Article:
Michael Shannon in Mistakes Were Made. Photo by Ari Mintz.
BOTTOM LINE: Captures the theatre producer persona and all the raving characteristics that go with it; a hilarious script and brilliant performance make Mistakes Were Made highly enjoyable.
Michael Shannon is one of the hardest working actors on any New York stage right now. His manic theatre producer caricature in Mistakes Were Made operates at maximum energy in an extended scene of frenetic desperation. Craig Wright's new play snapshots 90 minutes in one producer's life, and this (mostly) one-man show lets the audience indulge in Shannon's inspired characterization.
The producer in question is Felix Artifex, a hard-working guy with Broadway aspirations and downtown credentials. He finds his would-be break with a new play (aptly titled Mistakes Were Made) about the French Revolution (irreverence abounds). And with some crafty coercing he convinces a big time movie star to commit to the project. While casting decisions are being worked out, Felix juggles actor demands regarding the script with the unwavering playwright. At the same time, fundraising attempts become perilous, as the dangerous sheep industry overseas takes captives and threatens the project’s financial stability. And Felix’s composure unravels.
A lot goes on in an hour and a half, and all the while Felix sorts out his sagas over the phone. Switching from call to call with his assistant Esther (Mierka Girten) managing the lines, he finagles the simultaneous conversations. In the brief moments when Felix isn't on the phone, he finds solace in a one-sided conversation with his well-fed goldfish.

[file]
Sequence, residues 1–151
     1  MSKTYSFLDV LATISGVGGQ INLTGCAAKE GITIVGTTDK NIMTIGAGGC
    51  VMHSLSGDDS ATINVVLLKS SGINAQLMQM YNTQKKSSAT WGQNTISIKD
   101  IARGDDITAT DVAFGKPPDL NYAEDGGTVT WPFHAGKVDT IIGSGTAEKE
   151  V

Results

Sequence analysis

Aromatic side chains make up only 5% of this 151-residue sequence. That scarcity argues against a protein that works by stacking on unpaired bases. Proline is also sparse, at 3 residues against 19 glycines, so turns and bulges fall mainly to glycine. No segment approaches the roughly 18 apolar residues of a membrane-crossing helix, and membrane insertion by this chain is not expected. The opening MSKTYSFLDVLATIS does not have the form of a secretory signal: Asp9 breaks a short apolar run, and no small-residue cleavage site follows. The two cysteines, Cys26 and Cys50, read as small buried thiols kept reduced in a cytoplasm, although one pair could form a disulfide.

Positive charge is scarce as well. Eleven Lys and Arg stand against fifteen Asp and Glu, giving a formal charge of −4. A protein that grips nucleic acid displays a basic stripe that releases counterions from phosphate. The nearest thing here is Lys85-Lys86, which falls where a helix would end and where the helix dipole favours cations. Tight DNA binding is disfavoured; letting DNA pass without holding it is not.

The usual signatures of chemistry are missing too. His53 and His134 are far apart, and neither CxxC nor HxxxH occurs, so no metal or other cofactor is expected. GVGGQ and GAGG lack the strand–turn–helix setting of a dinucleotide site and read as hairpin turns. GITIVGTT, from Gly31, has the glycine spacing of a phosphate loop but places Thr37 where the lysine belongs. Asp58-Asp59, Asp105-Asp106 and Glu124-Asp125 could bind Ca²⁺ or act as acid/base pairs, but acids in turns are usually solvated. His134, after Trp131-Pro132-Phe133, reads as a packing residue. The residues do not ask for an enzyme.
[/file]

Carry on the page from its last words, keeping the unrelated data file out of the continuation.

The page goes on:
It is a testament to Shannon's skill and Dexter Bullard's direction that Mistakes Were Made avoids any trap of turning into a one-note show. It is remarkably layered and effervescent for a play that takes place in one room with usually just one actor. It teeters on the edge of silly without indulging too much, incorporating humor that matches the heightened reality of the moment without treading into nonsensical territory.
As we learned from Mel Brooks, the eager producer character can be an endearing, self-referential puppet. While Felix is seemingly less weasely than The Producers’ duo Leo and Max, his aggressive work ethic under extreme circumstances provides the same opportunities for physical comedy and one-liners galore. Wright embraces the inherent humor and allows the audience a voyeuristic glimpse into Felix’s implosion. Shannon is more than apt to the challenge of embodying the fated producer and he delivers a committed performance with total conviction. It’s his world, and he doesn’t disappoint.
Especially relevant for theatre fans, but probably just as entertaining for those who are not, Mistakes Were Made is a rollicking absurdist comedy that actually feels quite authentic. Shannon’s performance and Wright’s acerbic script make the production well worth seeing.
(Mistakes Were Made plays at the Barrow Street Theatre, 27 Barrow Street, through February 28, 2010. Performances are Tuesdays through Fridays at 7:30PM, Saturdays and Sundays at 2:30PM and 7:30PM. Tickets are $65 and are available at smartix.com or by calling 212.868.4444. For more show info visit barrowstreettheatre.com.)